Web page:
Tracking Trump's Trajectory, in GIFs

Carlo Allegri / Reuters
Editor’s Note: This article previously appeared in a different format as part of The Atlantic’s Notes section, retired in 2021.

Tuesday night, after Donald Trump’s win in Indiana and Ted Cruz’s decision to leave the race, I opened up our 2016 Presidential Cheat Sheet to update it, as I’ve been doing regularly since January 2015, when it debuted. Under each category, one question is: “Can he/she win the nomination?” With Trump now the presumptive nominee, I realized I needed to edit that section.

Since I added Trump to the Cheat Sheet, I’ve been dropping animated GIFs into that slot. I got this request from a reader:

That seems like a good way to capture the trajectory of Trump’s campaign, from laughable non-entity to triumphant nominee.

When we added Trump to the Cheat Sheet, I—like most political journalists—thought Trump wouldn’t really compete. He was just flirting with a campaign, as he’d done repeatedly in the past. The first question slot on the cheat sheet read, “Is he running?” and rather than fill out that or anything else, I just posted this:

By July, I’d started adding more information to Trump’s entry, but I wasn’t happy about it, and still skeptical:

Is he running? Like, for real? Of course not. He declared on June 16 and, incredibly, he has filed with the FEC, but the question to watch is what happens when he has to file financial disclosures.

I added that I was “deeply ashamed and upset that I had to fill out this entry.”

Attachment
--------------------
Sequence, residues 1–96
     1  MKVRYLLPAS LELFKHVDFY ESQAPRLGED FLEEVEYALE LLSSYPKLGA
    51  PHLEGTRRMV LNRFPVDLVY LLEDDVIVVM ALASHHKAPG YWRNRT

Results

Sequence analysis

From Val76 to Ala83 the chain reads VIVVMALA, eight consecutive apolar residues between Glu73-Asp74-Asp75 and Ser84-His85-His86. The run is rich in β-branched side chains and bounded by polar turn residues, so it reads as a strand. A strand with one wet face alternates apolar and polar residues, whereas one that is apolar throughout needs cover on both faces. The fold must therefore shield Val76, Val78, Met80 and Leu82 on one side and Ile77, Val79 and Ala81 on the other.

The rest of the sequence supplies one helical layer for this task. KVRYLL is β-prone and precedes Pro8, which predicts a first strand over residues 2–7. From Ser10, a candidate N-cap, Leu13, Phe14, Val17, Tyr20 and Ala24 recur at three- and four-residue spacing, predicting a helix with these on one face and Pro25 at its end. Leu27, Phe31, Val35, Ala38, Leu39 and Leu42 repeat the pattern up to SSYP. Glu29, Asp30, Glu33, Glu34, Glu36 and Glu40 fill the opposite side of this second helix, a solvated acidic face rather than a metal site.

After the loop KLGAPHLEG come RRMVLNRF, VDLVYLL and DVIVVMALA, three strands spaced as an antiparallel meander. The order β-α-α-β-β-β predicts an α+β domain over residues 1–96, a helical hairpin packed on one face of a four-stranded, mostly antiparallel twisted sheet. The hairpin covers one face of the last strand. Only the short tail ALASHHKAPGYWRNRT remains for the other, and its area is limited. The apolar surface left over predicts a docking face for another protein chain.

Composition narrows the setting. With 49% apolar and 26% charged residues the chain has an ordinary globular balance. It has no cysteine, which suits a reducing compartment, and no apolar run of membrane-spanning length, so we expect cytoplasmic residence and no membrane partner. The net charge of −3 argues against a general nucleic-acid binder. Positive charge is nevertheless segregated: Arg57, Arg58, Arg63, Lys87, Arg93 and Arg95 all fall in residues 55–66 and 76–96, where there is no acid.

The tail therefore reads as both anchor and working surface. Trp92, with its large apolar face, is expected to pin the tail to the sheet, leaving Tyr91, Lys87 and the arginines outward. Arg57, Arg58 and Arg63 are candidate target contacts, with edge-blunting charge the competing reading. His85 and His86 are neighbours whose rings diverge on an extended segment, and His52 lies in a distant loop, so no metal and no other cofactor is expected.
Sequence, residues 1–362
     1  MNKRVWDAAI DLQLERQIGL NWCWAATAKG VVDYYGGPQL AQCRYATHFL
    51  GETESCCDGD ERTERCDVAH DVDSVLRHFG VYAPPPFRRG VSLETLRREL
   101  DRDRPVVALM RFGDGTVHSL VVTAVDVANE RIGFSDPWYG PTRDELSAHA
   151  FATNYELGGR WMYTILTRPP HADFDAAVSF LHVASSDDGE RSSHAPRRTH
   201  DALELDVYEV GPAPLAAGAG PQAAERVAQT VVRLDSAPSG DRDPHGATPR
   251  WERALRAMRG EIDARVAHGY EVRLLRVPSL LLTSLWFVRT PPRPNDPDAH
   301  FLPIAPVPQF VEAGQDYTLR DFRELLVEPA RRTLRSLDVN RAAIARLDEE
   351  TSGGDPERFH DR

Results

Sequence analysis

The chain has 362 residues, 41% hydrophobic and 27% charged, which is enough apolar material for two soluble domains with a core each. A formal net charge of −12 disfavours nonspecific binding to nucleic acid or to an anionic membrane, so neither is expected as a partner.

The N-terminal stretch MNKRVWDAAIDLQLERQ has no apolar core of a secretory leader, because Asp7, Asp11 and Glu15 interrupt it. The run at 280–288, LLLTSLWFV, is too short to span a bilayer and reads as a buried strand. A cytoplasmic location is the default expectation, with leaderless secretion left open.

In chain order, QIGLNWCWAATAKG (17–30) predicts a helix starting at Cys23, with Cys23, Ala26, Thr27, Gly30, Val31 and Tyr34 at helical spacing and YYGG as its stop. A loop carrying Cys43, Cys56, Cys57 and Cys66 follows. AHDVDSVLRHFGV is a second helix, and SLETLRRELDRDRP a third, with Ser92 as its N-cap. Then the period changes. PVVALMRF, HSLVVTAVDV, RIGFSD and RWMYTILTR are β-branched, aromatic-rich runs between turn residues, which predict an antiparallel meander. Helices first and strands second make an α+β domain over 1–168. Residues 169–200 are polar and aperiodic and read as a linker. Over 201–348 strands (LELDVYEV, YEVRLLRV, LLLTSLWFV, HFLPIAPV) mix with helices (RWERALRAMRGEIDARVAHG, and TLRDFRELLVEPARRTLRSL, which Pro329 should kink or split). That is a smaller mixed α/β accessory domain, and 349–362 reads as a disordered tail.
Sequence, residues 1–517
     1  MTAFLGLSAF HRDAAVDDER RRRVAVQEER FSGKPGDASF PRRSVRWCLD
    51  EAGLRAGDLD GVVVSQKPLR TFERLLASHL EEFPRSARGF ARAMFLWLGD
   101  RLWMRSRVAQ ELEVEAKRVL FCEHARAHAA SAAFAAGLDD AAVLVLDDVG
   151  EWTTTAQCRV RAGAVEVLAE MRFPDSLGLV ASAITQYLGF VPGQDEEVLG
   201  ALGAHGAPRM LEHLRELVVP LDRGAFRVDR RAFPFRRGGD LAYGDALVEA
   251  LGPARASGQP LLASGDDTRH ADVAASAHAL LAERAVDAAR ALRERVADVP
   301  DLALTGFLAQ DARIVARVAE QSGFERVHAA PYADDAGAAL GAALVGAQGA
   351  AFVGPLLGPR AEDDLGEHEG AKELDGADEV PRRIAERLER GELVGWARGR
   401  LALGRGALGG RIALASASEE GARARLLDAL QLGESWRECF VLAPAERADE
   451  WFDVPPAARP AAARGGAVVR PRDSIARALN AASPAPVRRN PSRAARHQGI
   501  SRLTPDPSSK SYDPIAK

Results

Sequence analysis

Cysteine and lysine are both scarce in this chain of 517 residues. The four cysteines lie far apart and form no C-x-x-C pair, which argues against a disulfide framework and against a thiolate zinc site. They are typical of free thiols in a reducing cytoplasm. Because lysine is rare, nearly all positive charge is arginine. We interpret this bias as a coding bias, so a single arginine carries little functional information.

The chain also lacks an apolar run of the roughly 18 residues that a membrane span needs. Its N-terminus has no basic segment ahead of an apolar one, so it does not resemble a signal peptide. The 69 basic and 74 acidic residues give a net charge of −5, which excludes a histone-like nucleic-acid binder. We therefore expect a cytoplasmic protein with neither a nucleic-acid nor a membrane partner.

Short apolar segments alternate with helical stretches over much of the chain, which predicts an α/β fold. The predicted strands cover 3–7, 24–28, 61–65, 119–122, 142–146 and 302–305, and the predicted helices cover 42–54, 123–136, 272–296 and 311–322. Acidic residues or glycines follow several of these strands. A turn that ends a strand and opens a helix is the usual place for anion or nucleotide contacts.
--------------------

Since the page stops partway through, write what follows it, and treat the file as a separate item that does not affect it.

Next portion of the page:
In August, I kept the GIF but expressed some misgivings: “When does this GIF stop seeming funny and accurate, and start seeming incorrect? Not today! He’s still not gonna win,” I wrote, which I guess may have been true at the time.

By September, it was time for an update, courtesy of Kanye. Could Trump win?

Resignation was beginning to set in by December:

Trump was starting to look inevitable.

But then came his collapse in the Iowa caucuses, where his polling dropped at the last minute and Cruz came out on top. A competitive race again!

Then Trump got back on track in New Hampshire. Perhaps he really could win.

Yet despite Trump’s success, it began to seem like he might not be able to make it quite to the 1,237 delegates needed to clinch the nomination. The situation called for something that would express a range of emotions and possibilities … something like … this:

In the end, of course, Trump cleared the field, and he’s headed to the Republican National Convention—in Cleveland, if you hadn’t heard.